The lack of leaf shape and strength is due to the lack of nutrients and water. The leaves may appear to have wilted because of the low levels of moisture. It might even seem like the plant is dying.

However, if you add water, it’s just a matter of time before the plant starts to regain its shape.

6. Aloe Leaves Curling

When your aloe plant starts curling inward, it’s indicating it needs water. The aloe plant’s leaves are losing its shape, similar to drooping. 

When the leaves curl, it’s reducing the amount of surface area that needs water. This helps the plant preserve what water it still has left. 

7. Potting Soil is Dry 

Very dry potting soil mix is a clear indication of underwatering. There won’t be enough moisture in the soil for the aloe vera plant to absorb. In addition, the soil should never feel hard or crusty. Instead, it should always remain moist.

If the top couple inches are dry, don’t assume the rest of the soil is dry. Be sure to check the soil at the bottom of the pot and see if that’s dry. 

8. Brittle Roots 

Roots are important for absorbing and transporting water from the soil to the other parts. When there is drought, it is the roots that suffer first.

They would have to expend extra effort to find a water source. As the drought continues, the roots will shrink. Some of them may even dry out. That explains why they become brittle when touched.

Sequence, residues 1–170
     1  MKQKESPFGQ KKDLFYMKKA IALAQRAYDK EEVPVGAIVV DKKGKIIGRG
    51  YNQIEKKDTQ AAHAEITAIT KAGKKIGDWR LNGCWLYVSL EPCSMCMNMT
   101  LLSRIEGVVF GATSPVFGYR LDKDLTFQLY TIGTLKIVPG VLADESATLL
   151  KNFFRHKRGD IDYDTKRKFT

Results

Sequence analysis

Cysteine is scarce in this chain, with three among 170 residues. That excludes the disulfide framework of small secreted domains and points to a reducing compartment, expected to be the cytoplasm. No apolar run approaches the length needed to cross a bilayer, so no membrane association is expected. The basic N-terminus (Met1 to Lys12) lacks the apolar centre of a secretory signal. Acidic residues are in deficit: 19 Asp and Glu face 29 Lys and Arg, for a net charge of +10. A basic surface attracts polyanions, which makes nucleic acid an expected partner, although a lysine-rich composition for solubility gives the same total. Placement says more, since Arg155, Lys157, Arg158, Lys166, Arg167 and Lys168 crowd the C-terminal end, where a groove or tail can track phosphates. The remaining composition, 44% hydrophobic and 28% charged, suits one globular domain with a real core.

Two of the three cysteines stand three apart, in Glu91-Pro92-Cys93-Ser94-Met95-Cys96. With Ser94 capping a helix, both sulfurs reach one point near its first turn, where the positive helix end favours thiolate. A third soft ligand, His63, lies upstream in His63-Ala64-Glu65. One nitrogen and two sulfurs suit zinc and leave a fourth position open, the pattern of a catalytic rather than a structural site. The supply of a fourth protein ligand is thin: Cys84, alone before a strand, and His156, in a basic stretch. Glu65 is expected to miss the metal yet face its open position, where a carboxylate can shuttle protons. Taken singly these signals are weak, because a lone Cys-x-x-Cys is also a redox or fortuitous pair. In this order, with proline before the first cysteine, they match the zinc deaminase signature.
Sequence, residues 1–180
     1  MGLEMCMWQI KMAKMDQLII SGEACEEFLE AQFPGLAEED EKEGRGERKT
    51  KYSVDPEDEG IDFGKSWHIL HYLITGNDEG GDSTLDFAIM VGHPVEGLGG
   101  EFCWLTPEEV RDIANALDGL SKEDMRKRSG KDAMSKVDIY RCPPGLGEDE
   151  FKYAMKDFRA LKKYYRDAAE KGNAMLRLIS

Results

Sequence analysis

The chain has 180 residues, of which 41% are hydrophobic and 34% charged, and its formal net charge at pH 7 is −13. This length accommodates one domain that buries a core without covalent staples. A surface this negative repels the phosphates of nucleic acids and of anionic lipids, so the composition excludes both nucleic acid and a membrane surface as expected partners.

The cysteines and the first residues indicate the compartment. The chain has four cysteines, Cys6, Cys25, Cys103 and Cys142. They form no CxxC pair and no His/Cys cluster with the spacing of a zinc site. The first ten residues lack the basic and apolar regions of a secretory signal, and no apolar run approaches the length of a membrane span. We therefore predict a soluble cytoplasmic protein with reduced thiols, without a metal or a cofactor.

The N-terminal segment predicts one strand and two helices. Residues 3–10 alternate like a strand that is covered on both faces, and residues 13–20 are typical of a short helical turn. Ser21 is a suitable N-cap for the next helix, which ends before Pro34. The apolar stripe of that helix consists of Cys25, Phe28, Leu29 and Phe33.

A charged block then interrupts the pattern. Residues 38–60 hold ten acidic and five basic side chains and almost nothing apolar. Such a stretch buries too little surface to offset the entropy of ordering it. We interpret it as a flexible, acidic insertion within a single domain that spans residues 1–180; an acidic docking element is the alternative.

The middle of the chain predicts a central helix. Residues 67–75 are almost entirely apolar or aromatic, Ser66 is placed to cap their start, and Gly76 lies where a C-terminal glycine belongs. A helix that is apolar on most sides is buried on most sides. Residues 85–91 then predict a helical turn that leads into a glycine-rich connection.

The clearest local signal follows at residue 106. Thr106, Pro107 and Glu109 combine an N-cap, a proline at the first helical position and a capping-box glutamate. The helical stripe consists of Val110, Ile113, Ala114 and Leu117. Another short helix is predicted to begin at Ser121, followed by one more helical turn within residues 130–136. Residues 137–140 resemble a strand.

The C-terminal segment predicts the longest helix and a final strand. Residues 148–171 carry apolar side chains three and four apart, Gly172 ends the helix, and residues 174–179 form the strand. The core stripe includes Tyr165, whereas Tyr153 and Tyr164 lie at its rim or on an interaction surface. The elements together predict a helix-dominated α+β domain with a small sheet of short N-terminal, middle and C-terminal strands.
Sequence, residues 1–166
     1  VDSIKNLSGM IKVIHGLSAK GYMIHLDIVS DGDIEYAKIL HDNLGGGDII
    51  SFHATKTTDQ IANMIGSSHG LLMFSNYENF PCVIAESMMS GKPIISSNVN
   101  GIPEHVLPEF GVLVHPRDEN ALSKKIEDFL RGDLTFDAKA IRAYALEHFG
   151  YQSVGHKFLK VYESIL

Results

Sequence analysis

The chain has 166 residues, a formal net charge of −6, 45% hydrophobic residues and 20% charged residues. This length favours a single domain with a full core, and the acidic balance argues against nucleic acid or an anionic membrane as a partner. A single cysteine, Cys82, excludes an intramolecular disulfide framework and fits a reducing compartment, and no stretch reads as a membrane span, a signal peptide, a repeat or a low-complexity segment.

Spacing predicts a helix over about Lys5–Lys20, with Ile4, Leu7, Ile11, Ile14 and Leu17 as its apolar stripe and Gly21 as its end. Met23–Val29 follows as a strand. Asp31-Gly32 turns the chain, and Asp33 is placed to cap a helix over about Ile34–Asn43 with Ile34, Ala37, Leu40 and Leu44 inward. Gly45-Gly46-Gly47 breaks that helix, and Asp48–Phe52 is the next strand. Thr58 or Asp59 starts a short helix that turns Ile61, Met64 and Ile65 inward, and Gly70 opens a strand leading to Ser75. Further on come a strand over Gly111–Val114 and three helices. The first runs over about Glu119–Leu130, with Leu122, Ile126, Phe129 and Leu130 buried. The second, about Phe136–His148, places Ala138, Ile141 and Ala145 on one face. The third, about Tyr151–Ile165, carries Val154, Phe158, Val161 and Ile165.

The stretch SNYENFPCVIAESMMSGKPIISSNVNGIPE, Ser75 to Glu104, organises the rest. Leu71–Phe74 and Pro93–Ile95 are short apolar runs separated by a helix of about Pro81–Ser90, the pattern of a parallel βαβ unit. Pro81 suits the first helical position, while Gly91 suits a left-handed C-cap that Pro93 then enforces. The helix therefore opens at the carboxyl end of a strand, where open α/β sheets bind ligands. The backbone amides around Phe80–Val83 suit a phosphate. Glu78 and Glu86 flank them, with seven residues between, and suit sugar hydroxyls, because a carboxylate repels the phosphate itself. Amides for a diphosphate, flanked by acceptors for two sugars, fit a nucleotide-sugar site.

How to Revive an Underwatered Aloe Vera Plant

There are many ways to try and revive an underwatered aloe vera plant. There aren’t any foolproof ways to save and revive underwater plants, but you can always give it a try if the plant is not completely dead yet. 

Here are the steps on how to revive an underwatered aloe plant:

  1. Prune the dead leaves – Use clean, sterilized gardening shears to cut off the dead leaves.
  2. Take the aloe vera plant out of the pot – Look for any brittle roots as they break easily. 
  3. Soak the roots for 48 hours – Fill a large bowl with filtered water, distilled water, or rainwater. Put the roots into the bowl to soak for 48 hours. 
  4. Check for improvements – If you start seeing improvements in the aloe plant, it’s a good sign. You might see the leaves turning green or it’s not declining at least. It’s time to repot. 
  5. Choose proper potting soil – A well-draining potting soil mix is needed. Even though it’s been underwatered, you still want to avoid waterlogged soil. 
  6. Choose the right size pot – Don’t select a pot that’s too big or small. Too big means more work while too small could mean less space for growth. Choose one that will fit the aloe vera plant’s roots comfortably. Also, choose a pot that’s wide, instead of narrow. The pot shouldn’t be too deep either, as aloe roots grow laterally, so it won’t grow deep.